Seek help from other parents or find a support group that deals primarily with the disorder. The support group will help you get an accurate knowledge of your child’s disease and how to cope with it. Support groups are comprised of parents, self-advocates, siblings of a person with a disability, and professionals that work with people with disabilities. Learn all you can and make sure you get the best out of it. Remember you are not only helping yourself but helping your child grow.
5. Find out about services in your area
Services can be a challenge for children with a disability, especially for a minority child. Yet, there exist both federal and state legislation on programs entitled for your child with special needs. Find early intervention programs in your neighborhood or city such as occupational therapy, speech and language therapy, ABA therapy and much more. There are many places that specialize in supporting children with special needs.
Remember, the earlier you seek help and find intervention services, the better the outcome for your child. The Early Childhood Intervention Program in Texas is a great example of this. ECI services children up to 3 years old with developmental delays, disabilities, and other diagnoses that affect development. If you are not in Texas, seek out your local government website for a similar program in your state.
6. Assess your child’s strengths and challenges
If your child has problems with understanding social cues, but can look an adult in the eye, you may want to focus on an intervention plan that helps a child with speaking. Get help on the area that child has problems in and praise and reinforce the strengths your child possesses. If your child can communicate in pictures, incorporate graphs, images for your child for they can build off that strength. If your child has challenges, please refer to outside help and acquire ways you can reinforce what your child is learning at home to help build them up.
7. Become an expert and advocate
If there is no one in your family, the doctors are negative, or if all else fails, you must be able to pick up the slack.
Remind yourself that you are doing the best you can and remember this is for your child, you’re doing the best for your child.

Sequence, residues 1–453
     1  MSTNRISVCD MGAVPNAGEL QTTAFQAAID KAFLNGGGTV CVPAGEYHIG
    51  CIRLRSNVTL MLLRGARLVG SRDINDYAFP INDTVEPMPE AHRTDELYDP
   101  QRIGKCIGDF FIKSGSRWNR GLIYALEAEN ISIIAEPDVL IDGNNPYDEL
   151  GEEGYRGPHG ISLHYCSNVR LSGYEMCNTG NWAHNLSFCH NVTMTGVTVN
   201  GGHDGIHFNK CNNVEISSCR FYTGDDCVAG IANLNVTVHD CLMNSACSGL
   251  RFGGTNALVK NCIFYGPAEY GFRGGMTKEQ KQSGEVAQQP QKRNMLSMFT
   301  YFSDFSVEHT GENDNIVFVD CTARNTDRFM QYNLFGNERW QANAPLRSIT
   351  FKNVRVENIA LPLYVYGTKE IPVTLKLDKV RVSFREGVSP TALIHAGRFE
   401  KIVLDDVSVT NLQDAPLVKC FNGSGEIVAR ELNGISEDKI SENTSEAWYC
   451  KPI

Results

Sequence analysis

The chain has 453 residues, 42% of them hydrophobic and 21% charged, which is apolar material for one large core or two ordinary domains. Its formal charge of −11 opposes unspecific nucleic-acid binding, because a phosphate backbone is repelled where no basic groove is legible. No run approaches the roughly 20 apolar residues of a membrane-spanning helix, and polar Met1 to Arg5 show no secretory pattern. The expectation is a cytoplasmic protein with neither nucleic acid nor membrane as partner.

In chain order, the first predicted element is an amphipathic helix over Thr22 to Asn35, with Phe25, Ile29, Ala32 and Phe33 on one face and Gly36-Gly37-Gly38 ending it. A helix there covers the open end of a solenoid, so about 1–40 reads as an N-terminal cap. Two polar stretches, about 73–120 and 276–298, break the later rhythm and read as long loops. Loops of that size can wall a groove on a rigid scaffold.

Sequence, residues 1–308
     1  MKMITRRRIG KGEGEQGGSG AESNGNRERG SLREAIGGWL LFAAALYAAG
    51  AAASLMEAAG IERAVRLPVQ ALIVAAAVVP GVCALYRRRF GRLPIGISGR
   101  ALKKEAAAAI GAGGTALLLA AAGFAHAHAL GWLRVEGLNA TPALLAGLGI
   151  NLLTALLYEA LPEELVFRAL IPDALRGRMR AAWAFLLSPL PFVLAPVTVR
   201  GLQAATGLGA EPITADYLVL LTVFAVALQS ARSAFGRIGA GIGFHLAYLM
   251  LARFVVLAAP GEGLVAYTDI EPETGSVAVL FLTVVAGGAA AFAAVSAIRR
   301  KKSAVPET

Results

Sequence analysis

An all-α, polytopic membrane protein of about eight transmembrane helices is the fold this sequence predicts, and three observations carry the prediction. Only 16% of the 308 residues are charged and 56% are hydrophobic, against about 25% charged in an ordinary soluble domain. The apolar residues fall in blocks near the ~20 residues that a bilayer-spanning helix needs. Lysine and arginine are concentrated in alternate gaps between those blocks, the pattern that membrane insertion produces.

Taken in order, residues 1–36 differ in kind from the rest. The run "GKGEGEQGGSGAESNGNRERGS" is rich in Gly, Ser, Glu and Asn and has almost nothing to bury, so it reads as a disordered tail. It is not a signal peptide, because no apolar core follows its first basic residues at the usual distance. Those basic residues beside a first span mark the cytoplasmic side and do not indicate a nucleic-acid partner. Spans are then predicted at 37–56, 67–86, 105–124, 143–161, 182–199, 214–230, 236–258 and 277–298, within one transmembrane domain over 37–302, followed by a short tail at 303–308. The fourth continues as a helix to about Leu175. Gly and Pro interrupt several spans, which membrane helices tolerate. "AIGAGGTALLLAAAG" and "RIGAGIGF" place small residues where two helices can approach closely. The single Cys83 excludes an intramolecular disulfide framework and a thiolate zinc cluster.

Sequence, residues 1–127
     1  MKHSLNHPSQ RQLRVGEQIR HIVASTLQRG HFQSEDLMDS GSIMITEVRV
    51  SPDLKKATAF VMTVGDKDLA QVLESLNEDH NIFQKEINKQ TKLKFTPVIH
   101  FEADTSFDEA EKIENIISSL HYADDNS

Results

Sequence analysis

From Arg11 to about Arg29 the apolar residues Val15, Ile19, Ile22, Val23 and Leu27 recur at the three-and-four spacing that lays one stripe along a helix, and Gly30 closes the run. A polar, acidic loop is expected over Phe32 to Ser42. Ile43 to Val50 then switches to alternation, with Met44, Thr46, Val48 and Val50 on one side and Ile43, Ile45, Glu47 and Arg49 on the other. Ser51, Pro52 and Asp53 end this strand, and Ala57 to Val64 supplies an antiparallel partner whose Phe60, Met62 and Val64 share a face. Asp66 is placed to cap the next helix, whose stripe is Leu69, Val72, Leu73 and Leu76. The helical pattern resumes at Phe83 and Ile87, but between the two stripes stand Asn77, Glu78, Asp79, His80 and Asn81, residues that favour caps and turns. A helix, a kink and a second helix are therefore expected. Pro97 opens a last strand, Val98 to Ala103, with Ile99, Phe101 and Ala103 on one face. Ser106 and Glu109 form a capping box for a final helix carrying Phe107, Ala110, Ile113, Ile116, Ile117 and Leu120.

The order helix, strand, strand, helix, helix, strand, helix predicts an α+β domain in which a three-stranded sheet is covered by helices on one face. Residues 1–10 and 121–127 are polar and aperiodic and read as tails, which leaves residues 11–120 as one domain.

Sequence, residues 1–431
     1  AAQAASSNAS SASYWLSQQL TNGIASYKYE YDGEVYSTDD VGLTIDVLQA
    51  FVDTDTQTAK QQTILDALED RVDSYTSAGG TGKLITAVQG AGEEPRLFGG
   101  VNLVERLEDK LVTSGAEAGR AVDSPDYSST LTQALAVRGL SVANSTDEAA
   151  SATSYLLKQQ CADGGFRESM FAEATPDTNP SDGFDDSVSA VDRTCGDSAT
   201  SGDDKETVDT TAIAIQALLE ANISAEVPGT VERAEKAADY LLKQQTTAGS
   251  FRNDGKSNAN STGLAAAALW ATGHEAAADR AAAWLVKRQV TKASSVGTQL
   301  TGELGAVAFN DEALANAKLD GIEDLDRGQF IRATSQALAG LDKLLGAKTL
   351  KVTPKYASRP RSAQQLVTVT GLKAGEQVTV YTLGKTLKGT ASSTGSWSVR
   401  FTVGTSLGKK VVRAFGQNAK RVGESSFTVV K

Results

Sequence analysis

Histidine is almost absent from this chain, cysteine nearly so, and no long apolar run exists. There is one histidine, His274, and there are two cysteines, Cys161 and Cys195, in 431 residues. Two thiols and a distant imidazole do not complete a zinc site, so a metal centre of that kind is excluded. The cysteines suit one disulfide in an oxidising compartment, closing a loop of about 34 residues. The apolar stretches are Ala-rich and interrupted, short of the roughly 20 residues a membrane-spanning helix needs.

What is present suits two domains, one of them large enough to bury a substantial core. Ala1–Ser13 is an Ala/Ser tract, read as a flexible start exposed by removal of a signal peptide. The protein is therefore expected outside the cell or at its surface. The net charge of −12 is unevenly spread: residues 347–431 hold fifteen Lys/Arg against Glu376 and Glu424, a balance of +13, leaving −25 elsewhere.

Become an expert on your child. Learn your child’s strengths and challenges to get others to support your child and help your child grow in the areas that they need. Do not rest until your good is better and your better is best, remember to ask questions and educate yourself and others about your child. Learn what works for your child and help them to see your child the way you do. No matter what others may say, your child’s improvement and success must be our number one priority
8. Remain positive
No matter how severe the diagnosis is or how negative the doctor or others may perceive your child, recognize that your child is a gift from God. You were proud when you gave birth to your child, be proud of how different your child is and get excited about their future. Understand that the doctor is not always right, so if they give your child a negative label, it is not the end of the world.
You have to remain positive and look at the brighter days ahead.
Nobody is going to understand your child better than you, so be your child’s voice, let your child be your heart, and get people in your corner who value that same thing.
Seek out people who appreciate your child for who they are and want to help your child succeed. Then, build that community of support so that you all can stay strong together.
by Maverick Crawford III
Latest posts by Maverick Crawford (see all)
- Autism and Emotional Intelligence Growth to Build Strong Mental Resilience - September 3, 2019
- Self Advocacy with Aspergers - April 26, 2019
- Mental Health in Your Community: Learning to Support Your Child’s Diagnosis - March 27, 2019
- Rejection with ASD and Best Practices for How to Handle it - February 22, 2019
- Children with Autism Face Higher Risk of Abuse - July 2, 2018